1333. Lightweight Hydraulic System Development and Flight Test


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J N Demarchi: 1333. Lightweight Hydraulic System Development and Flight Test. 1980.



This paper discusses the development of aircraft lightweight hydraulic systems which utilize high operating pressure, 8000 psi, as compared to today’s 3000 psi systems. The concept of utilizing higher operating pressures for aircraft hydraulic system provides for significant reductions in both weight and volume. The power level of hydraulic systems in military aircraft has risen from less than 10 horsepower in the early 1940s to nearly 300 on the Navy’s modern F-14 fighter, 500 on the SST Concorde, and 1000 on the Air Force’s B-1 bomber. With considerable theoretical and empirical data available, a selection of 8000 psi was determined to be the best practical level to operate an aircraft hydraulic system. This pressure level was applied to the Navy’s F-14 and it was theoretically determined that 30 percent of the weight and 40 percent of the volume of the F-14 hydraulic system could be reduced. In order to verify the overall concept, a short flight test program was conducted in the Rockwell/Navy T-2C basic trainer aircraft.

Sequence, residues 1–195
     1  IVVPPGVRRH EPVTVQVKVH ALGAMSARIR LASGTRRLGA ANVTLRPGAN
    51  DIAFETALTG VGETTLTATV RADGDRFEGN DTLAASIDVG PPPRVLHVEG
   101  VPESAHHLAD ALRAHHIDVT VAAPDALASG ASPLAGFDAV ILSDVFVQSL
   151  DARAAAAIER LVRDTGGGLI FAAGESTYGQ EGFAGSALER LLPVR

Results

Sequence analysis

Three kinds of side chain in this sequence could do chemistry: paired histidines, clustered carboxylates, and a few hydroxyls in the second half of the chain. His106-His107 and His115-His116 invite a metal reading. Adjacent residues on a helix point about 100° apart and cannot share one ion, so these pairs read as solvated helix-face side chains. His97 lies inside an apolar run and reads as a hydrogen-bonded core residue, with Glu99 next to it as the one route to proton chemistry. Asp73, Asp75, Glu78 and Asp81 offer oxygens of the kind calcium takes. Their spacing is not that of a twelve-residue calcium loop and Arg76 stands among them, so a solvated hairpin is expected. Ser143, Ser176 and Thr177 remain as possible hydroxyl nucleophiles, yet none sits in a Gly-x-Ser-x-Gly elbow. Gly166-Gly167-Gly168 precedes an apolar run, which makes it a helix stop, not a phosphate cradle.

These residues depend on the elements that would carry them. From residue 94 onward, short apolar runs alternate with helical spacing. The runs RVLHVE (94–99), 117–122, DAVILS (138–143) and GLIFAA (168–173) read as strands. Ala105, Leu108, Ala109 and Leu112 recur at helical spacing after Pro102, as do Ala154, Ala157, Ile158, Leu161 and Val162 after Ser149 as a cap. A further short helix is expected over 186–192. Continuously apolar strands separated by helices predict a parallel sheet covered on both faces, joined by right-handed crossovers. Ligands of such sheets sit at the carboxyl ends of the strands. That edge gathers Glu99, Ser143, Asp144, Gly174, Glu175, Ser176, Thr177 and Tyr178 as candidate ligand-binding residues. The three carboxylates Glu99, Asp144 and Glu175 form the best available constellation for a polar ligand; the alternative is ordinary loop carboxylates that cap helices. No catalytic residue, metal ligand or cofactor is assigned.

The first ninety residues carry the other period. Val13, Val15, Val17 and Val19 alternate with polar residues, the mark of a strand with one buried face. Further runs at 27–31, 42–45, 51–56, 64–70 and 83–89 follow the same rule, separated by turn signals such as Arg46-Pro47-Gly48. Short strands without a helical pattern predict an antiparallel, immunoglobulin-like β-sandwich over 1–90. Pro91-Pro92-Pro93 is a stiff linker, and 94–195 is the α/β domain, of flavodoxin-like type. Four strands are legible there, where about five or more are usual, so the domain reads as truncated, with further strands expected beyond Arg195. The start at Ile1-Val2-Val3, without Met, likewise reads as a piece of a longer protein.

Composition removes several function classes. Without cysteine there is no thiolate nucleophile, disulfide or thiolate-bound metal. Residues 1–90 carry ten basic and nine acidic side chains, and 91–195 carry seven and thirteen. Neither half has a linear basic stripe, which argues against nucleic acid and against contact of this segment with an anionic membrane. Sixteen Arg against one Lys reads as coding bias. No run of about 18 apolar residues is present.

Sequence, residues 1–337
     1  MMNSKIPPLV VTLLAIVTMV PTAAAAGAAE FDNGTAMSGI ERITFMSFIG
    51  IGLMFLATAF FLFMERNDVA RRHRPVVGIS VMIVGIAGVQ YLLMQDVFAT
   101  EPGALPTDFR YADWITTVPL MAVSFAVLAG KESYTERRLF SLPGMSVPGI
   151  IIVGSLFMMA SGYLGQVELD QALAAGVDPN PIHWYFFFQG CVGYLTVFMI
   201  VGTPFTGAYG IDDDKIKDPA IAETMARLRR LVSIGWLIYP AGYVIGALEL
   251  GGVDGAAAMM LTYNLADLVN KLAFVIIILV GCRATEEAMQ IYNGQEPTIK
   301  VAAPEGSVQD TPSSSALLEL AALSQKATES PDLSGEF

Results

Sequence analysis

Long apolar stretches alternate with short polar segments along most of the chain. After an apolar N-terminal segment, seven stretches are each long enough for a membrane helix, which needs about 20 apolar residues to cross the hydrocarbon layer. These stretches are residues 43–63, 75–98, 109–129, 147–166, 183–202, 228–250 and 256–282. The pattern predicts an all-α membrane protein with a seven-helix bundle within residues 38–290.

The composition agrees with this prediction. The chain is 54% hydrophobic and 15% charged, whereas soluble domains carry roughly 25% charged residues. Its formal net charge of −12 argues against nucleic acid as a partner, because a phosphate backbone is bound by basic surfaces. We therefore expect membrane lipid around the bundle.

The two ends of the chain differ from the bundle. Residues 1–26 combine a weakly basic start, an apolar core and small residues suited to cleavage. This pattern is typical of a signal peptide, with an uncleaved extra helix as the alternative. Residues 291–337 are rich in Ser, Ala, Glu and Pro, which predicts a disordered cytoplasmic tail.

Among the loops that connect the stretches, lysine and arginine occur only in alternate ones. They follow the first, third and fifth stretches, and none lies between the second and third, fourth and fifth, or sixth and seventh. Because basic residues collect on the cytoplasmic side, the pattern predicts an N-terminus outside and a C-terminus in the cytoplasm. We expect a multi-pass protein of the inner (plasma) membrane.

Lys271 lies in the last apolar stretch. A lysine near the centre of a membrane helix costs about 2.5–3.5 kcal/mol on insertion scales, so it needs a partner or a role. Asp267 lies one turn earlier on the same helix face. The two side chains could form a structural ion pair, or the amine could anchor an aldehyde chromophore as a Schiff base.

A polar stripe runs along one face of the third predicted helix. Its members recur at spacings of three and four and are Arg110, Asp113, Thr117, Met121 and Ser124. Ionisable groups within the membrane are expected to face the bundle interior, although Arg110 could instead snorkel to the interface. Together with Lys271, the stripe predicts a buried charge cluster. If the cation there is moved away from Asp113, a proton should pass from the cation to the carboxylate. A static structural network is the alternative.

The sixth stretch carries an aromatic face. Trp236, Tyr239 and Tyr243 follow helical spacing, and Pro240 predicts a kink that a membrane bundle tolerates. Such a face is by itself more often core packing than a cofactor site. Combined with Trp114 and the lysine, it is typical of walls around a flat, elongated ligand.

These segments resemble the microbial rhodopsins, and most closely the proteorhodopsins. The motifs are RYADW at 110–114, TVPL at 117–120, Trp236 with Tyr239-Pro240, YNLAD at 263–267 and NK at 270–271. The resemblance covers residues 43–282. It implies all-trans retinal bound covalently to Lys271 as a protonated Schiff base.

The development of aircraft Lightweight Hydraulic Systems (LHS) has been an ongoing Navy R&D program since 1965 and is being funded by the Naval Air Development Center (NADC) at Warminster, Pennsylvania. This system employs an operating pressure of 8000 psi as compared to today’s 3000 psi and provides significant reductions in both weight and volume. The 3000 psi pressure level was established in the late 1930s. Two major areas that provide the impetus to operate at this level were the elastomeric O-ring seal and the advent of a reliable variable displacement pump. No significant change in the operating pressure level has been made since that time. However, the Navy and Rockwell International have recognized that considerable advances in the state-of-the-art have been made and higher operating pressures are now feasible. This paper describes these developments.


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